Unveiling The Obama Presidential Portraits
“Barack and Michelle Obama returned to the White House for the unveiling of their official White House portraits, in an East Room ceremony hosted by President Biden and first lady Jill Biden,” reports the Washington Post. “The event will mark the return of the long-standing tradition of sitting presidents welcoming their predecessors—regardless of party—to the White House to unveil their official portraits. In his time in office, Donald Trump hosted no events at the White House for Obama, whom he accused—without evidence—of spying on him during the 2016 campaign.”
Ravenswood ArtWalk Returns This Weekend
The Ravenswood corridor will celebrate twenty years of its ArtWalk this weekend, Saturday, September 10-Sunday, September 11. “The Greater Ravenswood Chamber of Commerce partners with the historic Ravenswood Industrial Corridor for a weekend that highlights the bustling hub of artisans, manufacturers, and brewers unlike anyplace else in the city,” the group relays in a release. “Each year, over 10,000 visitors explore the Ravenswood ArtWalk, enjoying a weekend of art, music, food, and community while getting a peek inside the spaces that help define Ravenswood, stretching from Lawrence to Irving Park along Ravenswood Avenue, with open studios and galleries, pop-up performances, an outdoor artist market, children’s corner and a beer garden.” A complete list of events and performances is here.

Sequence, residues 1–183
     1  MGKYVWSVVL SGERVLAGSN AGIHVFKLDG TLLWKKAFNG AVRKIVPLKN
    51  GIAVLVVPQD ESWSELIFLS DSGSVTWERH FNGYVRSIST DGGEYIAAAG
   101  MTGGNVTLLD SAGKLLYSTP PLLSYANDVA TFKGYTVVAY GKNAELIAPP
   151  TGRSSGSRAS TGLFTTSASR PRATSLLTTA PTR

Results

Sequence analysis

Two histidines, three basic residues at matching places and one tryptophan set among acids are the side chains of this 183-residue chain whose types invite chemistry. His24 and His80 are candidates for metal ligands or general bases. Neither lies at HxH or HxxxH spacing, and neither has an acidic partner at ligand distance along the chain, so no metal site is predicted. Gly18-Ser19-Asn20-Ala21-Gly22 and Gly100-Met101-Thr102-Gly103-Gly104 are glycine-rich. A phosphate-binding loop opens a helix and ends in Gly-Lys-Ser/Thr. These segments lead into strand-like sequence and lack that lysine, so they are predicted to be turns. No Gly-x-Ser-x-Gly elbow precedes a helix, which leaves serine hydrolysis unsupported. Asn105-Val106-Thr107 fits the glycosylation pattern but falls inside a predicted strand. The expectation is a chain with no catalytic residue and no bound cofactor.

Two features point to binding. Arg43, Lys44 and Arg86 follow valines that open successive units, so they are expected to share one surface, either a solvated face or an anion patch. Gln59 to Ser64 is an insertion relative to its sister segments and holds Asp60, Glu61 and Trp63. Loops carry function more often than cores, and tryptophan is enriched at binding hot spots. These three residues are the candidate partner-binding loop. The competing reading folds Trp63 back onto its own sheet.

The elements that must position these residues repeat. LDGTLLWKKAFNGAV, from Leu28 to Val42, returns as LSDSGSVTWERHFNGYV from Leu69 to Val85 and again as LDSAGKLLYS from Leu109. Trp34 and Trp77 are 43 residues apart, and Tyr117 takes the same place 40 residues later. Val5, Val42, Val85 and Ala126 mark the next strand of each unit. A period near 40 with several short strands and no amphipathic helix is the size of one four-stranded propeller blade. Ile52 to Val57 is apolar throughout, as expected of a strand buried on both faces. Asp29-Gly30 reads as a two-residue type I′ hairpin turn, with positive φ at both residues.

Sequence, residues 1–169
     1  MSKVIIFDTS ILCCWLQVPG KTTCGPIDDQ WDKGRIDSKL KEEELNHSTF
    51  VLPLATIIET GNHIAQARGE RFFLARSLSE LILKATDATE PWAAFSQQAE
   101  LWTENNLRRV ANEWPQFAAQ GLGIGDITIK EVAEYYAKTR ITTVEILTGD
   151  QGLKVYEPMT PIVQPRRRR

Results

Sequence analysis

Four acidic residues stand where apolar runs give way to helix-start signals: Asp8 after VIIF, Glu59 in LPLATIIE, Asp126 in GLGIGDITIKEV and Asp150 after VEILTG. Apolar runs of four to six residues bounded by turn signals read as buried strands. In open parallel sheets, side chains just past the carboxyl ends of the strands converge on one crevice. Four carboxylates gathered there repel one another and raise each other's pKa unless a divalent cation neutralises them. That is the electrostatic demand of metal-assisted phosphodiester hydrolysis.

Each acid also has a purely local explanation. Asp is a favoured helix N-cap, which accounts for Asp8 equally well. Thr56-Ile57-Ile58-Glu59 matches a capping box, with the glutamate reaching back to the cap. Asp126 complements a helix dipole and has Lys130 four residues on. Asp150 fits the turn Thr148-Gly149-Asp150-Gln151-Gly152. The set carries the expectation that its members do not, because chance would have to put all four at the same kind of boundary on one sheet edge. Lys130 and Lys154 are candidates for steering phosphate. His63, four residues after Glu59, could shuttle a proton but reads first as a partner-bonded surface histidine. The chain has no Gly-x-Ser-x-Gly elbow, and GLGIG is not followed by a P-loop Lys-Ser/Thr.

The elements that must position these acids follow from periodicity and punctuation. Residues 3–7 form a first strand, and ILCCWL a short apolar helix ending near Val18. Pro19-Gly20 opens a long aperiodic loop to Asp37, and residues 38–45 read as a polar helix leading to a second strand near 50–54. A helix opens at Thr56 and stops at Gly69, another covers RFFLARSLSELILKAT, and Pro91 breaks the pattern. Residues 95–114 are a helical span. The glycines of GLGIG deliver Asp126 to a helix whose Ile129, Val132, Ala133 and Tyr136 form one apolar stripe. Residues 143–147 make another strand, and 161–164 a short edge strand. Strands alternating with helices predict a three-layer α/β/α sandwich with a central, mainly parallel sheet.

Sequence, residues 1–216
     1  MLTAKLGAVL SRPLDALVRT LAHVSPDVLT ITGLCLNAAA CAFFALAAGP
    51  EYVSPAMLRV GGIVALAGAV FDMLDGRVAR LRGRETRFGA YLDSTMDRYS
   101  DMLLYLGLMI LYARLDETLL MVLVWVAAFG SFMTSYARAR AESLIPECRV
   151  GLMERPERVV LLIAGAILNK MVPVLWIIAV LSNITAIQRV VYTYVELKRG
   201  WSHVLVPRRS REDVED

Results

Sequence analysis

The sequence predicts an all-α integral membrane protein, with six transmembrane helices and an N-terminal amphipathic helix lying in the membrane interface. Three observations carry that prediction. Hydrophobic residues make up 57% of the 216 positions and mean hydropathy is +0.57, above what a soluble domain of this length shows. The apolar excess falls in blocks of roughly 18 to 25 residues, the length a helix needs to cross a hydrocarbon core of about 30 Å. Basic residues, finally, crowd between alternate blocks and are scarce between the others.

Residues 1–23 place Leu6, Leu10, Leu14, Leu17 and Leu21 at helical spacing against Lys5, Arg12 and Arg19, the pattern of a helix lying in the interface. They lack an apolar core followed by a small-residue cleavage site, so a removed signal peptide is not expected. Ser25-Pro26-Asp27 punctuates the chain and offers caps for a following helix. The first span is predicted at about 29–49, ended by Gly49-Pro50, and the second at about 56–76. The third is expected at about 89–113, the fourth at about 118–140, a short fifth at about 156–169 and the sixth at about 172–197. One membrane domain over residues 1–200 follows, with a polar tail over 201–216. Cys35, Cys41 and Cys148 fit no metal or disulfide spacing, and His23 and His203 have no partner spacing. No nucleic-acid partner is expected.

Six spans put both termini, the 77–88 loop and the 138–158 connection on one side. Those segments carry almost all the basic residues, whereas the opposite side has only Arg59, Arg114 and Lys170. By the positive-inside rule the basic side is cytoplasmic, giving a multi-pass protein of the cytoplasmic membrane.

“Palette And Palate” Recalls Riccardo’s Restaurant And Gallery
Madron Gallery is presenting “Palette and Palate,” an exhibition celebrating Chicago, its artists and one of the city’s most unique artist-run spaces of the mid-twentieth century, Riccardo’s Restaurant and Gallery (once called “the Montmartre of the Midwest”). On view through December 16, the exhibit features paintings depicting Chicago street scenes from the Madron collection alongside “The Seven Lively Arts,” a group of seven enormous paintings by seven Chicago artists commissioned by Ric Riccardo in 1947 to hang behind his palette-shaped bar at 437 North Rush. Each work depicts a different allegorical scene of an art form (Literature, Drama, Sculpture, Painting, Architecture, Dance and Music); in Riccardo’s heyday, the paintings were considered the restaurant’s centerpiece. The exhibition is accompanied by “Flash in the Pan,” an essay by Alex Cornacchia exploring the restaurant-gallery combination that developed in Chicago in the late 1940s. On Saturday December 10, Madron Gallery will host Phillip Koch and Sally Marschall of Film Police, as they present material from their upcoming PBS documentary film “Everybody Came to Ric’s: Chicago’s Golden Age 1934-1954,” about Ric Riccardo, his life, and Riccardo’s Restaurant and Gallery. More here.